From mass to boutique

TechCrunch picked up remarks made by Nicholas Negroponte that predict the demise of the print book in the next five years.

Part of Negroponte’s role is to challenge our thinking about media but the film and music metaphors he uses break down for me a bit.

The media consumption experience for photos and music didn’t necessarily change when film and vinyl (and soon enough, CDs) disappeared. Albums still get filled with printed photos, even if we create the physical form ourselves. We can play digital music on the same equipment we used for albums and CDs.

Switching from physical to digital for long-form reading is easy for some and hard for others. It takes me several hours to read a book, and the devices I’ve tried are at best tolerable for me. If I am going to spend a long time reading, I prefer print.

I anticipate a time when books are no longer printed for inventory, but I don’t think that means print as a medium is dead. Print will still attract a smaller market of people who prefer the format and are probably going to pay a higher price for it. They’ll also actually own their books.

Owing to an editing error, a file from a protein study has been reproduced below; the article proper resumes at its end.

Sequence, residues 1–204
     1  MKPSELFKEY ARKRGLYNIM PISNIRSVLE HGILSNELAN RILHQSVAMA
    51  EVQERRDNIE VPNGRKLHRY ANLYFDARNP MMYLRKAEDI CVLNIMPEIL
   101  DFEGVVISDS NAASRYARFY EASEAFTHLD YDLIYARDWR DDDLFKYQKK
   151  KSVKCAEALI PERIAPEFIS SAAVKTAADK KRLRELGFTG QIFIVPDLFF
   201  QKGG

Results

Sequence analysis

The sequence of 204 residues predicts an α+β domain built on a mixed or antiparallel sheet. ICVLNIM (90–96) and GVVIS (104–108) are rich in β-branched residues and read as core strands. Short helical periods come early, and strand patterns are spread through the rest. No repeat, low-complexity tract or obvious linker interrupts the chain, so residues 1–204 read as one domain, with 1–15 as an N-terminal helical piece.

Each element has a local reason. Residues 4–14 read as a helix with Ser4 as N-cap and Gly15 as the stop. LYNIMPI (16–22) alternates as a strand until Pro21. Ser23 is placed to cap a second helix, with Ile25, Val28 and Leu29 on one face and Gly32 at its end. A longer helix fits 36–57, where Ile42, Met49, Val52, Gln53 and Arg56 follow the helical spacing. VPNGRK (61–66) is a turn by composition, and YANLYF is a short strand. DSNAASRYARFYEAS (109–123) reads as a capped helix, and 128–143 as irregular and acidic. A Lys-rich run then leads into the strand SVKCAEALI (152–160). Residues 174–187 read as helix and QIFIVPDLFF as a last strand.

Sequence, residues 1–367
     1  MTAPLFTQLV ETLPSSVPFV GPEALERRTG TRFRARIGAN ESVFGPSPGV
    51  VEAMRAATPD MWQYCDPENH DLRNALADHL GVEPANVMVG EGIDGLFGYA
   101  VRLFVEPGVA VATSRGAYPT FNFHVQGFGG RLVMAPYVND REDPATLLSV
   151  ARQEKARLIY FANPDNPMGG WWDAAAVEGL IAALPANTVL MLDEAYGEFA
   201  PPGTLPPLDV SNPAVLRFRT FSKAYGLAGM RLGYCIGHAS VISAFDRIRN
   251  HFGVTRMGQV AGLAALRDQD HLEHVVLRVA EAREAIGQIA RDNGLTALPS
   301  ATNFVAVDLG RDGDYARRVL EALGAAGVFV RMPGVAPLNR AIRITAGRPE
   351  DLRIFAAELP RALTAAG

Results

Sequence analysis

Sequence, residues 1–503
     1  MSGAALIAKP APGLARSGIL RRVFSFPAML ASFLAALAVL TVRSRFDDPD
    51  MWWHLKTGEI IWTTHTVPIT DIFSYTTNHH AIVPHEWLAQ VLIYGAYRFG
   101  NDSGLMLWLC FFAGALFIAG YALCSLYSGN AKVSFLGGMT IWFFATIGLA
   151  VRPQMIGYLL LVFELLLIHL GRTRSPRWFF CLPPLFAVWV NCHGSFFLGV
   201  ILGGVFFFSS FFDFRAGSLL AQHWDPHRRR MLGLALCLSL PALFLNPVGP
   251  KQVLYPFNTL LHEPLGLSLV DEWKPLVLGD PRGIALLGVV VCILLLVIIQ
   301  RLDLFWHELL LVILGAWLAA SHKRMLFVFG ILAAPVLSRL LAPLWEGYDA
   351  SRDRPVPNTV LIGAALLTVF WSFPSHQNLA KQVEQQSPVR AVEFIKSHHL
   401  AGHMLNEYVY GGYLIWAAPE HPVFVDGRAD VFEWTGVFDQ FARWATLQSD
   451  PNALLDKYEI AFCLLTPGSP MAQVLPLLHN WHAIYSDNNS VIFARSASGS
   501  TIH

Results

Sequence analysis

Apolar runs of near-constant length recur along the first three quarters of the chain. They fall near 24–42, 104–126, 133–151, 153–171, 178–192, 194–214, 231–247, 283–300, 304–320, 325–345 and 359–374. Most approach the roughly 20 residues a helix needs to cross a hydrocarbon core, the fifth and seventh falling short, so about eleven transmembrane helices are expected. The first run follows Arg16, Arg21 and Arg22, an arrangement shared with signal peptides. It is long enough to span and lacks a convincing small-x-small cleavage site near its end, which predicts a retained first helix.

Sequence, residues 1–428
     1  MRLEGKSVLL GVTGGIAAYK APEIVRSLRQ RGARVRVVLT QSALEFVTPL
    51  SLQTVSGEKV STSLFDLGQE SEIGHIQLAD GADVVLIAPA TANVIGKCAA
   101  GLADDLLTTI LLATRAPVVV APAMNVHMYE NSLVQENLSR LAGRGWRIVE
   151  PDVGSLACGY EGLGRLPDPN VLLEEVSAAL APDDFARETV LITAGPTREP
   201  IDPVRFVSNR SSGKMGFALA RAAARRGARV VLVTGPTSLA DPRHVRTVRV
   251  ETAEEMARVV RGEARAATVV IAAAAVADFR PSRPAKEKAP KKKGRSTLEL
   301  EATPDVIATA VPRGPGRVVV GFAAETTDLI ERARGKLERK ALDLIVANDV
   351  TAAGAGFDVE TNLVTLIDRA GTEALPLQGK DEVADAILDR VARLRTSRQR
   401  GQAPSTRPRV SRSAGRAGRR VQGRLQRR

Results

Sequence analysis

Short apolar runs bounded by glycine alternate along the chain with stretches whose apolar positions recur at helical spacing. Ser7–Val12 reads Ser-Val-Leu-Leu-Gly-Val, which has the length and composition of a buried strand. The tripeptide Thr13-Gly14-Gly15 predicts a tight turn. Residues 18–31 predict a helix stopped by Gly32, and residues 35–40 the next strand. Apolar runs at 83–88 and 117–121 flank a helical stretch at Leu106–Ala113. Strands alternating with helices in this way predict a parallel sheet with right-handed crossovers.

About Brian O'Leary

Founder and principal of Magellan Media Consulting, Brian O’Leary helps enterprises with media and publishing components capitalize on the power of content. A veteran of more than 30 years in the publishing industry and a prolific content producer himself, Brian leverages the breadth and depth of his experience to deliver innovative content solutions.

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